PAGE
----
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The Division continued its participation in the field of international technical cooperation by planning and conducting training and study programs for teams and individual participants visiting the Bureau to study U.S. labor statistics and labor economics. One hundred forty-three teams, 174 short-term visitors, and 32 individual participants were programed during the year.

Consultation in the statistical field for foreign governments requesting technical assistance continued through correspondence with foreign governments and research agencies.

The Division provided technical advice to various international organizations on a variety of statistical problems and continued to assemble in chronological order the various international resolutions relating to labor statistics. A staff member attended the meeting of the International Statistical Association in Argentina The Division continued its regular publication program consisting of

Short articles for the “Monthly Labor Review.”

Studies of selected countries for its "Foreign Labor Information” bulletins and for its “Summary of the Labor Situation" series.

“Labor Developments Abroad," a monthly periodical which contains brief factual reports, wage data, and bibliographical material. The format of “Labor Developments Abroad” was improved; contents were shortened and tailored better to meet the needs

of users. A sixth edition of “Economic Forces” was started. This publication originated with the International Cooperation Administration, and is designed to brief foreign participants on the economy of the United States.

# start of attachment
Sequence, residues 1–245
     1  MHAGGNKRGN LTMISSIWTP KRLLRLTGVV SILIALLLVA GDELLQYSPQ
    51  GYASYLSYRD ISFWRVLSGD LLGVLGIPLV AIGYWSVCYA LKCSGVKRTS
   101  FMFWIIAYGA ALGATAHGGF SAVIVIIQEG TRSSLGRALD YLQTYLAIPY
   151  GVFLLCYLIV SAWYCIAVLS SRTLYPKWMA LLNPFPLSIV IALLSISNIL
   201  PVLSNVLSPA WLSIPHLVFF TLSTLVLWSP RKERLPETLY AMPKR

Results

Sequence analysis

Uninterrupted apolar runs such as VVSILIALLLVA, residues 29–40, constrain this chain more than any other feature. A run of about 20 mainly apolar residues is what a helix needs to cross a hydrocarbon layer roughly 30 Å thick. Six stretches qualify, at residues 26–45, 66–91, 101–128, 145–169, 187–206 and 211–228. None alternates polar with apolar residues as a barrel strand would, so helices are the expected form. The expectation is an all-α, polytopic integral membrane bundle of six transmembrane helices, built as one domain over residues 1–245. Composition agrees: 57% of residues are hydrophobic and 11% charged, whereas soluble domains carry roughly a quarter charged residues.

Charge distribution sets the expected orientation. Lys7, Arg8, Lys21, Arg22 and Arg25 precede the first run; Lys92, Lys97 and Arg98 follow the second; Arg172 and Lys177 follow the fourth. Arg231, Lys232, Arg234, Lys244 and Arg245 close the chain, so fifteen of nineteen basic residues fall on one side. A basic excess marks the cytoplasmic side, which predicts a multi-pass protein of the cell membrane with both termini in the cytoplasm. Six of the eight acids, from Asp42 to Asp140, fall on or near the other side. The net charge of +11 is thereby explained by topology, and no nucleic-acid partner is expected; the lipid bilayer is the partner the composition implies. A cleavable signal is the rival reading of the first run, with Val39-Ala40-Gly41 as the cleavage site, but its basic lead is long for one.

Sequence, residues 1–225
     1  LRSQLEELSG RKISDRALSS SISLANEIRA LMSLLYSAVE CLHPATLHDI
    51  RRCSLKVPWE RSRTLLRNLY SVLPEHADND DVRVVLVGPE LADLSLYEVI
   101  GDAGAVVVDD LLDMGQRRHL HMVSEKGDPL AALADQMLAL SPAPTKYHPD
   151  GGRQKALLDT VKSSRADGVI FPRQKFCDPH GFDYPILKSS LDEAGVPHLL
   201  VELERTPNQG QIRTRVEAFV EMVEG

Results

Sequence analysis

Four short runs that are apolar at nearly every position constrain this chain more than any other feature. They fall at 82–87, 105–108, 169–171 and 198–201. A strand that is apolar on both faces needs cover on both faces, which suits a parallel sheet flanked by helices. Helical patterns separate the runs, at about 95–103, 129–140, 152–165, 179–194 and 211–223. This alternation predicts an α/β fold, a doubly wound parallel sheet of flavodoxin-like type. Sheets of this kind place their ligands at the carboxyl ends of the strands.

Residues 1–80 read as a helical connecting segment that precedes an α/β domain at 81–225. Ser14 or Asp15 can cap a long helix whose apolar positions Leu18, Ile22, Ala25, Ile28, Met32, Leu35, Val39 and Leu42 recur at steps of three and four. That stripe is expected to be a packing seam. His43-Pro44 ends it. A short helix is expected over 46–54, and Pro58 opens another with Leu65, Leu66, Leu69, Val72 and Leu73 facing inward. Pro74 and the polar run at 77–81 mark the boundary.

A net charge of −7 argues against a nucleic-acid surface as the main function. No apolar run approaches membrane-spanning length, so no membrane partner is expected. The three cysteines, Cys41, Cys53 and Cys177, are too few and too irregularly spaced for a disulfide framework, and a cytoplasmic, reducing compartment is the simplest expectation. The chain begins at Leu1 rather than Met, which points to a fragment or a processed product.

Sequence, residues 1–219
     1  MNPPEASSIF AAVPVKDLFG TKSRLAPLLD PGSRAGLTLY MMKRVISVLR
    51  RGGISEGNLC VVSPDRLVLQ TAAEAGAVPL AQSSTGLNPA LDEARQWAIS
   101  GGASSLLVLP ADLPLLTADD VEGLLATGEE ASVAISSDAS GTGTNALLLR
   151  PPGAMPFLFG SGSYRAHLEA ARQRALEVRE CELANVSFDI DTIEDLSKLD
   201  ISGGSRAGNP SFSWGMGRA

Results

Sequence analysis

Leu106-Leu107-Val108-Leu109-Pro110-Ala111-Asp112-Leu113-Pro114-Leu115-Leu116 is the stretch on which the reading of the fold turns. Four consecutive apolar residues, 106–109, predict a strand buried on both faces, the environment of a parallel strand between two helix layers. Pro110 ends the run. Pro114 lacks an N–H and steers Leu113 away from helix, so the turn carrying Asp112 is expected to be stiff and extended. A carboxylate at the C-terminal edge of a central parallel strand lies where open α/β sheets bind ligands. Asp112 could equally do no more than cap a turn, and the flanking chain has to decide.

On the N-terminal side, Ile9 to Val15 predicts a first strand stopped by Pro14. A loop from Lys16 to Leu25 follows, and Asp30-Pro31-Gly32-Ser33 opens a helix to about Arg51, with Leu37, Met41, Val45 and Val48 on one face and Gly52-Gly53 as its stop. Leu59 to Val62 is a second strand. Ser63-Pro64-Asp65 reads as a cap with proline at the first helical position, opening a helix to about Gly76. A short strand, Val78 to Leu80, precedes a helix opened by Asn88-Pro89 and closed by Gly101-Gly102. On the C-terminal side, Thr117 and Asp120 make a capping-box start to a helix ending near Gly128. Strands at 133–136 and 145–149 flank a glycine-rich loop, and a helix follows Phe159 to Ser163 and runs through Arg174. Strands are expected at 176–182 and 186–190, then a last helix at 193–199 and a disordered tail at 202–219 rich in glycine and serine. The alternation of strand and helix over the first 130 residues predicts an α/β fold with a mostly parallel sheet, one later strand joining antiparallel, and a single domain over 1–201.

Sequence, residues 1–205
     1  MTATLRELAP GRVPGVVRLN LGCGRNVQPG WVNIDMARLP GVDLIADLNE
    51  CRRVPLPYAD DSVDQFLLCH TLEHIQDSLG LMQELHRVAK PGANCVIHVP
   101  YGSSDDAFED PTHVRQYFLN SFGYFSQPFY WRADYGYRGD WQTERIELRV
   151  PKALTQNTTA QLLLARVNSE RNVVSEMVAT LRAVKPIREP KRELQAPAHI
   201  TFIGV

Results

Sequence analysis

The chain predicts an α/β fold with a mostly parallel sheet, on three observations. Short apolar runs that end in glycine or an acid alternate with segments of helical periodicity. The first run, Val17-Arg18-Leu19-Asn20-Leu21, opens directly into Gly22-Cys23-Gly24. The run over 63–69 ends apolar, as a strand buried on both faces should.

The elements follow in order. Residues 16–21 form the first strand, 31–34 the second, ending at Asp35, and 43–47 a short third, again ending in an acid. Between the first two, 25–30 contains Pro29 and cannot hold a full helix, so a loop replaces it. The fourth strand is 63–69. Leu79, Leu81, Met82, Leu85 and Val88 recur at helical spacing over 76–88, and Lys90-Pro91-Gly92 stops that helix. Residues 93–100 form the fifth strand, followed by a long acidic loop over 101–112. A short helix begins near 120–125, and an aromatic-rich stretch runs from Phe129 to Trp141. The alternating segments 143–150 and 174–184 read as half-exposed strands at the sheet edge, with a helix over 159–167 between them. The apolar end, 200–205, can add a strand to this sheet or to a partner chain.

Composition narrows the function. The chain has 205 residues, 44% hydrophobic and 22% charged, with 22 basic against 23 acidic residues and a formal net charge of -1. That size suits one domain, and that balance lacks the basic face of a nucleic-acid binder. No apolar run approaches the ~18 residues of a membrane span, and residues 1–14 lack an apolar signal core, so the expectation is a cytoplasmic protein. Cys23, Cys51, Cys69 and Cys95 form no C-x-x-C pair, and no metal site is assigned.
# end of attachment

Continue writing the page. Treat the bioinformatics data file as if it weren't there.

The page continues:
Bureauwide Activities

The Office of Labor Economics continued to provide analyses of current economic developments and of special problems which are not specifically related to the functions of the various subject matter divisions of the Bureau. Weekly reports on current economic developments were transmitted to the Secretary, the Under Secretary, Department and Bureau personnel, and other governmental officials. Special reports were prepared for the Secretary's Office on the economic well-being of American consumers, nonlabor elements of the Consumer Price Index, and problems of inflation. The Office also provided assistance to the Department in the preparation of material for the Council of Economic Advisers and the Cabinet Committee on Price Stability. Materials were also provided by this Office for the Bureau's testimony before the Joint Economic Committee on the Economic Report of the President.

The Office of Labor Economics participated in meetings of the Departmental Trade Agreements Committee and subcommittees which deal with specific products or items involved in tariff negotiations. The Interdepartmental Committee reports directly to the President concerning matters on foreign trade. mong other topics on which special reports were prepared are

Imports of pajamas from Hong Kong.
Escalation clauses in Government procurement.
Tuna imports.

A number of special projects were handled by this Office. These included

Wage policies in selected European countries, emphasizing factors which made wage restraint possible.

A review of Federal Government responsibilities to the consumer.

Opportunity for nonagricultural employment of migratory workers along the Adandic seaboard.

Material for the Arden House Conference on Western Germany's Wage and Economic Policy in the Post World War II Period.

Economic situation of Negroes in the United States. During the year, this Office answered many inquiries directed to the President, the Secretary of Labor, or the Bureau concerning, first, the economic recession, and, later in the year, the problems of inflation.